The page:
Montana’s timber industry may have had a small bump in business in the first half of the year, but production and employment numbers are still well off from where they were two years ago, according to a recent report from the University of Montana.
Todd Morgan, director of forestry industry research at the university’s Bureau of Business and Economic Research, determined the state’s lumber production increased by roughly 11 percent between this year’s first two quarters.
Lumber production is also up by about 20 percent from last year’s figures, coming in at 256 million board feet compared to 212 million board feet in the first half of 2009.
Wood panel production is also up by about 20 percent from the first half of last year, the report states.
But Morgan noted that this year’s numbers are only 69 percent of what they were two years ago and less than half of 2005’s figures.
“Montana lumber production figures for 2009 were the lowest they have been since the end of World War II,” Morgan wrote in the report. “So, these modest increases are not very significant.”
Chuck Roady, general manager for F.H. Stoltze Land and Lumber, said Morgan’s report mirrored Stoltze’s production experiences this year.
“We had a little bit of a bump where things got better in the second quarter but, boy, it just dropped off the table after that,” Roady said.
The slight increase in activity was most likely caused by a large reduction in inventory by most lumber mills in response to the recession, followed by a slight increase in demand this year, Roady said.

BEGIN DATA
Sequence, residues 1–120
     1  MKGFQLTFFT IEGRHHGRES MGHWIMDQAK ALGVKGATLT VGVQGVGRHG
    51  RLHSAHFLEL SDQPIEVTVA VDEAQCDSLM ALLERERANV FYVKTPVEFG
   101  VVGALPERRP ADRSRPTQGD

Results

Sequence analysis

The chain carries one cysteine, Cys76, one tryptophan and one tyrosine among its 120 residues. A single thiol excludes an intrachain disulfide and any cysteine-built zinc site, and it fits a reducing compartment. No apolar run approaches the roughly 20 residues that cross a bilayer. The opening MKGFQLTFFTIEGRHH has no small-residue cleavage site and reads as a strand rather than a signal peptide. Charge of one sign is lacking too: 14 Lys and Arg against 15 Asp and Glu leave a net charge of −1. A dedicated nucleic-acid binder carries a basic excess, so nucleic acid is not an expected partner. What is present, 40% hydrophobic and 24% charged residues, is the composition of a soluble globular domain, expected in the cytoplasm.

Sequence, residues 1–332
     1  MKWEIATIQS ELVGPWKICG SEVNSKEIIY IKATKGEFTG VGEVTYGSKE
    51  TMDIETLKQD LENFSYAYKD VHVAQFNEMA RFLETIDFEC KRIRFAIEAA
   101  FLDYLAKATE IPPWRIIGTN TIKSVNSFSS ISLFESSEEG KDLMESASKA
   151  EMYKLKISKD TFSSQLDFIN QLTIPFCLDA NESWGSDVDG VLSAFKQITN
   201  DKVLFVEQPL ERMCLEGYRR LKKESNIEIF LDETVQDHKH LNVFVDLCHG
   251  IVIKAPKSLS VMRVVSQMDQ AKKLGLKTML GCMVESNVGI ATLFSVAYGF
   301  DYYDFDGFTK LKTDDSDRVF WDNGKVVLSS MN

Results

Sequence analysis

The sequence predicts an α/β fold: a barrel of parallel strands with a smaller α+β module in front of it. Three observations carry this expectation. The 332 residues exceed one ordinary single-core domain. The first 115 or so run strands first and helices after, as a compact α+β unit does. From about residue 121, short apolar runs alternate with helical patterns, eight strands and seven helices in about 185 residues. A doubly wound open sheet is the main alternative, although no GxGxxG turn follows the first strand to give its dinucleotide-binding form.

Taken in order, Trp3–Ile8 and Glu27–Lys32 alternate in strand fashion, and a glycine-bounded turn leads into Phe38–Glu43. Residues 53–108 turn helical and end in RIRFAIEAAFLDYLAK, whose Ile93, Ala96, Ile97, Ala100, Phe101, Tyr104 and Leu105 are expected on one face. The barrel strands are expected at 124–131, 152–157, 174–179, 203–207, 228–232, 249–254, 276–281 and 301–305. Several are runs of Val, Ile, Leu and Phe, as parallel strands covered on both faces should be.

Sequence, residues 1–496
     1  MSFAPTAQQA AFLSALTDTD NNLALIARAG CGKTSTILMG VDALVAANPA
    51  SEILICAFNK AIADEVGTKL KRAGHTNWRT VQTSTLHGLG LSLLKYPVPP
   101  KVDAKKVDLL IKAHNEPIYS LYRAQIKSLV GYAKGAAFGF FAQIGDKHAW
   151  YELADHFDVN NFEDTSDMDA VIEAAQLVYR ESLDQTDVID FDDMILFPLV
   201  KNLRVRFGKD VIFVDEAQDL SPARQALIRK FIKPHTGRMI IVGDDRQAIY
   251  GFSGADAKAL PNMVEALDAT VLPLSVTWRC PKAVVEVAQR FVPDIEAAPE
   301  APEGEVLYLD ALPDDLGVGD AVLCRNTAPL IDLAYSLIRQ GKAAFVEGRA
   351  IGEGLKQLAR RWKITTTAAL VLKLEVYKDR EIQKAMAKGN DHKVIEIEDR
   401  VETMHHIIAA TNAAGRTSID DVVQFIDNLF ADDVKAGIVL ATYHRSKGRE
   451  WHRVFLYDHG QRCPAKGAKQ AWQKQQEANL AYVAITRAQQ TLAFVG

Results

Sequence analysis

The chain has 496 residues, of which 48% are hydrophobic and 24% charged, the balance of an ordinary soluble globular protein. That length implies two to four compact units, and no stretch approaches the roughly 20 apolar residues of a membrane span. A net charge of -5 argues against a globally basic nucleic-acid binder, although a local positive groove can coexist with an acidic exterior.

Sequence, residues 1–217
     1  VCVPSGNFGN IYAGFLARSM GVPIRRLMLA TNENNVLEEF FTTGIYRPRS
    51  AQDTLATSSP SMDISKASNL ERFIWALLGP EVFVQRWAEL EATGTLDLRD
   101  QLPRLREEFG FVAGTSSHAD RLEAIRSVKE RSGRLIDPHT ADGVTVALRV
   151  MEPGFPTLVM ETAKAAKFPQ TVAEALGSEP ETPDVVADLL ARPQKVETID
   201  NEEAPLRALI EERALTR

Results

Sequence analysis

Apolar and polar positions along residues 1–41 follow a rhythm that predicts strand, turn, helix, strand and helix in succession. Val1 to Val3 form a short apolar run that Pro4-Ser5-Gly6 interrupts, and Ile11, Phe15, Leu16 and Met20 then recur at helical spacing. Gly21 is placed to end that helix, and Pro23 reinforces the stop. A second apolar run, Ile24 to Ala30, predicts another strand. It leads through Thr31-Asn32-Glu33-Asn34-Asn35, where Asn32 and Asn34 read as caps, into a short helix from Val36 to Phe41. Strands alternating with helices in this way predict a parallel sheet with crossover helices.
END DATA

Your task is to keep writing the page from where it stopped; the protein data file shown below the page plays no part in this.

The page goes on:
But once that demand dried up, the market largely disappeared, he said.
“I think in general people are still very leery; there’s not a lot of buyer confidence,” Roady said. “There’s still a lot people out of work and they’re not going to spend money on lumber.”
At Plum Creek Timber Co., Vice President of Northern Operations Tom Ray said the company experienced a similarly small increase in production.
“Our production was up slightly in the second quarter as we saw somewhat better demand for our products,” Ray wrote in an e-mail interview. “It was less than what we produced in 2008.”
Statewide lumber mill employment and wage figures painted a similar, grim picture when compared to two years ago. The 2010 Montana mill employment figures are down 45 percent from 2008, which the report describes as a “relatively poor wood product market year,” and employee income decreased by 50 percent.
Mill jobs also dropped this year, dipping to 1,560 in the second quarter, which is about 6 percent less than the first quarter and 23 percent lower than 2009’s second quarter.
And though production wages had a 2 percent increase from the first to second quarter to $14.3 million, wages are down 23 percent from last year’s second quarter.
Employment levels at Plum Creek have been stable for the first half of 2010, Ray reported, as have wages.
The Smurfit-Stone Container and previous Plum Creek mill closures are beginning to affect employment and wage figures, the report states, and any more increases that may occur for the rest of the year will most likely not make up for last year’s job losses.
Roady said that Stoltze has kept its employee count and wages steady during the recession despite a drop in business, but he was unsure how long that practice could continue.
“It’s a little bit scary doing that, but we’ve stuck with it,” Roady said.
The lumber industry is also headed for its slow season as the weather begins to cool and construction halts, which coincides with predictions from the Plum Creek and Stoltze that low numbers will persist for the rest of the year.
Roady said he understands the recession’s effect on people’s checkbooks and described buyers as cautious and exacting. This helps keep project costs down, he said, and showcases how the market changed since the valley’s construction boom earlier in the decade.
“The buyers are very specific and buying no more volume than they need,” Roady said. “I understand it, but we sure feel it.”